‘June’ Review: A Riveting Tale About Loss, Healing and Growing
Tradition and modernity, youth and mental health are part of the Marathi coming of age film
Sometimes letting go hurts less than holding on. That’s June in a nutshell. Released on June 30th, this Marathi-language film deals with trauma, mental health issues, guilt, compromise, and liberating oneself from them — something almost impossible for many. June handles sensitive topics with care and without an overbearing sense of romanticism. Written by Nikhil Mahajan (Baji, Pune-52), it is directed by debutant duo Vaibhav Khisti and Suhrud Godbole. It stars Nehha Pendse Bayas, a well-known face in Marathi and Hindi television, and Siddharth Menon, a multi-faceted film and theatre artist.
June kicks off with a curious beginning as Neha (Pendse Bayas) moves from Pune to Aurangabad into a middle-class social environment with little exposure to a metropolitan world. Her modern ways baffle residents and end up building a bad reputation among the older generation. However, a secret lies behind Neha’s sudden migration. One which grants her an eerie aura.
Neel, played by Menon, is an engineering student who failed his exams and is now living with his parents. He has the typical temperament of a twenty-something and is constantly falling out with his parents. Troubled by the confinement of the small city, his minute rebellious actions like wearing expensive headphones give him solace and an escape from the mundane. Menon’s character inches on being the angry, young, and rude-to-his-girlfriend man. More often than not, his fury, fueled by his past trauma, takes over his emotions and cuts through his relationships.
Neha and Neel cross paths right at the beginning of the movie but only connect over a misunderstanding that sends Neha into a fury. The wine-loving, guitar-playing cat mom invites Neel and his friend Pritesh (Saurabh Pachauri) over to her apartment for a drink, and that’s where their story begins. Coming from two completely different worlds, the two protagonists connect over suicidal tendencies and damaged hearts. Somewhere between city tours and late-night life lessons over cigarettes, their shared feeling of emotional burden thrusts them into a spiral of self-hate and despair. The two broken souls eventually reveal the deepest secrets gnawing their insides and embark on a journey to freedom from the shackles of guilt and loss.
Although the storytelling translates exactly on screen, the buildup of the movie may seem slow to some. We are only introduced to the actual problems of the characters thirty minutes into the movie – but a topic as intense deems a slow progression till it hits you in the face that a darker intent looms in the backdrop. While the crux of June addresses mental health issues, self-harm, and the art of healing and letting go, the movie delves into more social issues than necessary. Sexual liberation, taboos around body hair, toxic masculinity, small-town mentality, islamophobia, addiction and many other topics are barely touched upon and then let go. Tightly crammed into this 90-minute film, one may think it has packed a little too much information to grasp.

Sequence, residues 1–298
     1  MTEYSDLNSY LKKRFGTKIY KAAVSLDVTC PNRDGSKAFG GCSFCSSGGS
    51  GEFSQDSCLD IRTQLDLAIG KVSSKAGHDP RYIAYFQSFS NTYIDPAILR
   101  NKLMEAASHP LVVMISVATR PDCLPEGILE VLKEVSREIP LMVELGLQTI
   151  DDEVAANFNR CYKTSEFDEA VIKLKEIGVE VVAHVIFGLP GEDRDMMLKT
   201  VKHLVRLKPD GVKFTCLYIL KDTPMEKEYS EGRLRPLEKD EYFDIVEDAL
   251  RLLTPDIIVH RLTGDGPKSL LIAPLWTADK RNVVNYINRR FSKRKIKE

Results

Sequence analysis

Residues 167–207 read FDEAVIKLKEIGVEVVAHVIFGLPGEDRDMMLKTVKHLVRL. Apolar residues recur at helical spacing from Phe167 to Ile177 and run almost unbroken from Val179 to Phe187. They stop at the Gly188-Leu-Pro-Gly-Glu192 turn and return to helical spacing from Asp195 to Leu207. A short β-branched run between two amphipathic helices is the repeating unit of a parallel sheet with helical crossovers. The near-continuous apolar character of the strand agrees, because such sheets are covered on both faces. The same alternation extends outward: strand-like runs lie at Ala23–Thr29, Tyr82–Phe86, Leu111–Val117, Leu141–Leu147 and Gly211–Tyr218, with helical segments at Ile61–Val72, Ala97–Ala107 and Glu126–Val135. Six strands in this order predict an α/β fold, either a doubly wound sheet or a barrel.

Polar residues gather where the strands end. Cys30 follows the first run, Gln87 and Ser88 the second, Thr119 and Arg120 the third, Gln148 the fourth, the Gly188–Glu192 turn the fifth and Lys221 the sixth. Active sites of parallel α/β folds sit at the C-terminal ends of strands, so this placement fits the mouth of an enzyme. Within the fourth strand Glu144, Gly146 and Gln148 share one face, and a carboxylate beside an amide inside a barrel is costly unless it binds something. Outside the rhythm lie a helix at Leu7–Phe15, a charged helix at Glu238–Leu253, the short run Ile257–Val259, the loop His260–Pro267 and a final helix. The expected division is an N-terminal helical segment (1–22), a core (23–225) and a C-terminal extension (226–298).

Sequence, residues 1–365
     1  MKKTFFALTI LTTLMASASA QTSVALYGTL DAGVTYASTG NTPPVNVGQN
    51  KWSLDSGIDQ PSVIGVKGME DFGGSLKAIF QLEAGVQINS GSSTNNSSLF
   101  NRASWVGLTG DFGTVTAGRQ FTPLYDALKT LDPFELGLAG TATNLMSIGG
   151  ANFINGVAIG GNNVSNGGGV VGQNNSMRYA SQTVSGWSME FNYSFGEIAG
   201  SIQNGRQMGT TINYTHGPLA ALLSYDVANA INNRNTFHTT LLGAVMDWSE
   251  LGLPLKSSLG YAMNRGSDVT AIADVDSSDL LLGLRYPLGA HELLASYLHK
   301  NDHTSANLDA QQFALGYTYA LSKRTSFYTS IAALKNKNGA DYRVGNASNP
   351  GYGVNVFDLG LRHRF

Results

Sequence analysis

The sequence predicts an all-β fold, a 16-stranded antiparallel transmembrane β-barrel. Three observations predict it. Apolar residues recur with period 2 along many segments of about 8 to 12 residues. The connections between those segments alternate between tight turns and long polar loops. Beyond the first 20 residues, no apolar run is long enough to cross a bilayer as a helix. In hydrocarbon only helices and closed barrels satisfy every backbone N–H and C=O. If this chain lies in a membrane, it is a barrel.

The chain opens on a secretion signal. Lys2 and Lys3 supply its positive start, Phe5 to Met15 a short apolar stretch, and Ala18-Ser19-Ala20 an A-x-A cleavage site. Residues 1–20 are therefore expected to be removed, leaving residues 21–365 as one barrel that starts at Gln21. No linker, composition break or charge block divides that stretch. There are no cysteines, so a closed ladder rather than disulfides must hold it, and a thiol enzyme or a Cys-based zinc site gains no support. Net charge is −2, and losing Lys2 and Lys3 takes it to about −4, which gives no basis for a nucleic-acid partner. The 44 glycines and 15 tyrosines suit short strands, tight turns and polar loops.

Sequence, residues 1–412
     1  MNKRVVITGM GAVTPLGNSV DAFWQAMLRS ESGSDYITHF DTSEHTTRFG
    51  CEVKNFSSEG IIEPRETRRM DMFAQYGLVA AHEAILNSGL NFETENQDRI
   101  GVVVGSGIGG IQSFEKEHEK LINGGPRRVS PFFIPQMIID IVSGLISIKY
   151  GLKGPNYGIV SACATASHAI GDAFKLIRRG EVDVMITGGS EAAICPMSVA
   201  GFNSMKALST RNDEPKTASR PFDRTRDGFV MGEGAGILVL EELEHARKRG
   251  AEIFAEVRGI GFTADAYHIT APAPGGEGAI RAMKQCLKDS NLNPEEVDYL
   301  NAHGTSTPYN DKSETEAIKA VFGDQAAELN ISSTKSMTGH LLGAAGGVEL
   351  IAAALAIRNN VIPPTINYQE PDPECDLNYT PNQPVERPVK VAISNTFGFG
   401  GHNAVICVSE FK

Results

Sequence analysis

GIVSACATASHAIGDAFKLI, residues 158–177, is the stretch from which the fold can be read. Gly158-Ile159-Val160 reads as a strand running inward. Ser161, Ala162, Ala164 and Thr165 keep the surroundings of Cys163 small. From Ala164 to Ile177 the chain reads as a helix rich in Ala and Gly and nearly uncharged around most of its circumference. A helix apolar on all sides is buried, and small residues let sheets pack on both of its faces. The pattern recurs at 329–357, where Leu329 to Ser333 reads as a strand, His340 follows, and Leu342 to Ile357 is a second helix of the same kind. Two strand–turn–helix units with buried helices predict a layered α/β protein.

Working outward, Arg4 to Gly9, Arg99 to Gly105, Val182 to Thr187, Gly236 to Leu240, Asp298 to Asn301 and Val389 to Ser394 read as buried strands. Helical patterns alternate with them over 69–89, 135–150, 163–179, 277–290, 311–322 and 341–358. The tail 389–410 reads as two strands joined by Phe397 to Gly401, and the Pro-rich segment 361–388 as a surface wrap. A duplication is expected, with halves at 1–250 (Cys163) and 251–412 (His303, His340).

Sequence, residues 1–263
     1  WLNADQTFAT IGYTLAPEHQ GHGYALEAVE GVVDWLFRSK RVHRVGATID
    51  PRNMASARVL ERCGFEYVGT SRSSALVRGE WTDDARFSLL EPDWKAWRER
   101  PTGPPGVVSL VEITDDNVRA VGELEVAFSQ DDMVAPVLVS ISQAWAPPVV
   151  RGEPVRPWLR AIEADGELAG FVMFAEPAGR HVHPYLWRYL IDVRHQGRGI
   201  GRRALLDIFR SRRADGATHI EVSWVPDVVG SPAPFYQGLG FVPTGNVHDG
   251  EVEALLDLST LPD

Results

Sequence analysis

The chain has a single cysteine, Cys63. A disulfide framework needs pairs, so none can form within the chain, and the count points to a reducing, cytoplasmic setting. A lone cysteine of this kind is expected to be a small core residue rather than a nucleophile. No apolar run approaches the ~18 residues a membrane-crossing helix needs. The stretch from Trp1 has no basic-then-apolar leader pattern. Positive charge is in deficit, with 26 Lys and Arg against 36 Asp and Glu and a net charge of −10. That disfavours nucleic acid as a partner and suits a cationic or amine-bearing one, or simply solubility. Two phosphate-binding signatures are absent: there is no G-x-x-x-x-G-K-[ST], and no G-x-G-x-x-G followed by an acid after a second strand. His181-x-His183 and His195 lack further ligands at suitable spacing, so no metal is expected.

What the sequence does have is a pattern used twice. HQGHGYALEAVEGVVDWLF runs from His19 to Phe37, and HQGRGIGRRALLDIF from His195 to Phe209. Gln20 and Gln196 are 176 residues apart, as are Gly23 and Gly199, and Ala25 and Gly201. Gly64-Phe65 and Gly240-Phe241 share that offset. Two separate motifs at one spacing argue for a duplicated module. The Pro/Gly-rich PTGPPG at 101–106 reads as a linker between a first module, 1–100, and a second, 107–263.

However, the main motive (and tagline) of the movie — “Healing is Beautiful” — comes across strongly once we move into the second half of the film. Even with the harsh realities and convoluted personal journeys that June aims to explore, it is a pleasant relief that it does not overdo the protagonists’ suffering or their salvation, for that matter. The dialogues play a big role in that. Adding to the dramatism of the movie, there’s only necessary conversation. Sometimes going into a long-run poetic narrative, there is still more to the eye than the dialogues convey.
Pendse Bayas channeling a typical modern Punekar is spot-on. It’s natural yet exaggerated at specific places, which adds to the overall uneasy feel of her character. Menon has also done a fantastic job of handling the outbursts of a young adult. Neel’s trauma and frustration are depicted with the utmost sensitivity but the character shows a complex layering of emotions, which often leaves the viewer confused as well. Kiran Karmarkar, a popular face on Indian television (Kahaani Ghar Ghar Kii), plays the role of the understanding parent that every rebellious and disturbed teenager deserves. Debutante Resham Shrivardhan, who plays Neel’s girlfriend Nicky, is definitely someone to watch out for in the future.
Cinematographer and director of photography Quais Waseeq ties the whole experience together by creating an artsy faded look right from the first frame, making it seem like a large thundercloud has taken over all of Aurangabad’s gloomy disposition. It’s one which finally pours its heavy heart out onto the city in the end. The only color in this town is the bright sunshine yellow of Neha’s clothes and her i10 – making her the literal sunshine of Neel’s life.
Overall, June is for those who need support during difficult times to heal. It is a journey of emotions. It is not just the story of Neha and Neel’s unshackling, but an experience that reminds us that holding onto the past invents worse demons than one is dealing with already. In the end, you will hear June whisper in your mind, “Give yourself time to heal. Everything will be alright.”
‘June’ is now streaming on Planet Marathi OTT. Watch the trailer below.